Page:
If that tradition ended, when did it end?
PRINCE: Again there is no trace when it ended. But there is evidence that
it did exist. Life in Ethiopia was probably 38 years, so there’s a good
possibility the kid lasted to be over 80 years old. The average age was
less than 40, however, so the cycle of the change of life and replacement
of this boy could have taken place, as often as every 25 to 30 years.
CORBETT: Has it ever been hidden?
PRINCE: Yes, in the 14th century, the high priests and the guardians of the
Ark took it away in the mountains. They, supposedly, took it to a monastery
near the Blue Nile Falls. The priests from that monastery still claim the
possibility that it never went back to Aksum. They profess to have it.
However, there is good evidence that they don’t have it. One thing we know
is the Ark never left Ethiopia.
CORBETT: After Queen Judith burned the church down, was the Ark buried in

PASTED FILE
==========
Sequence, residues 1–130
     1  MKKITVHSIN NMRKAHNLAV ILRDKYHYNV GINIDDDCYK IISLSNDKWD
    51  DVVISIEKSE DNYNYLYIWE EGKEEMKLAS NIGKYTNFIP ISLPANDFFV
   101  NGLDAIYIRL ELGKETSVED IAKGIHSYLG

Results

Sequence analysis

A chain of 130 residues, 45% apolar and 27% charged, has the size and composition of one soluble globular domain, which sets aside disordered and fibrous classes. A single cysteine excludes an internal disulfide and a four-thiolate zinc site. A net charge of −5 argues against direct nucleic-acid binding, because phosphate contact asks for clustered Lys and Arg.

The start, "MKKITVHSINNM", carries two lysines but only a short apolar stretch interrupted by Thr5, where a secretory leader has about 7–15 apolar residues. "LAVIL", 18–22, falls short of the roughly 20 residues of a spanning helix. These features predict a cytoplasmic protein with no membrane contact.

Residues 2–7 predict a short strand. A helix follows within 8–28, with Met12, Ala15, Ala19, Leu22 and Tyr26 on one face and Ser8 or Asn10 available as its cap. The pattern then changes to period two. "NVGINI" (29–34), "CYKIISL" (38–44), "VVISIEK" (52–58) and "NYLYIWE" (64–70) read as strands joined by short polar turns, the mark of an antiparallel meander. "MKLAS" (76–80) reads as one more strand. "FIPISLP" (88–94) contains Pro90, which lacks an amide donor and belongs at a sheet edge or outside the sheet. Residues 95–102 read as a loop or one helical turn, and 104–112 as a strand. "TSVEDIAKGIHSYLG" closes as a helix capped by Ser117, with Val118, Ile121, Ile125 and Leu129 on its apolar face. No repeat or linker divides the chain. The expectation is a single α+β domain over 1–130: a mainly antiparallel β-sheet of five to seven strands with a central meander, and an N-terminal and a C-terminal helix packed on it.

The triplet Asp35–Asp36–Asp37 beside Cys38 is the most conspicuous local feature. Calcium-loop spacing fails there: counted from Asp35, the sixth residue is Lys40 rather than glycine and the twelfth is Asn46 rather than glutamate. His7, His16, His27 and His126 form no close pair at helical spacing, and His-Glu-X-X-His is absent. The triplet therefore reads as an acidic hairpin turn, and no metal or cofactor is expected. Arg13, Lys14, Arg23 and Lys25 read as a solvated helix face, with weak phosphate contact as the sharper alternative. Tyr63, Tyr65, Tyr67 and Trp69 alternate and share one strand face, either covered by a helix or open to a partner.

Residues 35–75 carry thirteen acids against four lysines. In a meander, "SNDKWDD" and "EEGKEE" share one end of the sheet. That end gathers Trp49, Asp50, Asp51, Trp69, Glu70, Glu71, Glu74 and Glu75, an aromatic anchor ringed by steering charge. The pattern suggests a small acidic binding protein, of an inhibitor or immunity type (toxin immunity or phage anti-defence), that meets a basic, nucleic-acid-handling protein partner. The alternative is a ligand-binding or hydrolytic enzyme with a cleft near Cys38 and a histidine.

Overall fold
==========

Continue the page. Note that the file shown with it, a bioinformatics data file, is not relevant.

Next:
the ground in the catacombs under the church site?
PRINCE: Again, we’re on the threshold of the 21st century so when we’re
talking about Queen Judith, we’re going back to the 14th century, and
that’s a long time ago, so after the church was rebuilt it could have been
placed back on the altar and then it could have been removed from the altar
for safekeeping when the Muslims invaded in the 16th century, for they
burned all the churches. Vasco Da Gama’s brother, Christovao, was sent by
Portugal to save Ethiopian Christians from the Muslims and these Christian
Crusaders restored the Christian dynasty.
CORBETT: Describe the church where it’s supposedly buried?
PRINCE: I have been to the church, but I haven’t been to the basement, in
fact if there’s a basement, which contains the Ark, that would be a secret.
In 1993, Prince Stephanos returned to Aksum and was able to photograph the stairwell leading to the Ark.
Even though others have claimed to have seen the Ark, such conjecture is
NEXT: Corbett’s expedition to Ethiopia in 1990 and what he and a business
partner found; the strange holy book, “The Kebra Negast”; Graham Hancock’s encounters in Aksum; and other searchers of the world’s most important historic, most powerful, and religious artifact.
Would you like to be a part of Corbett’s 1999 expedition to Aksum? E-mail
him at firstname.lastname@example.org.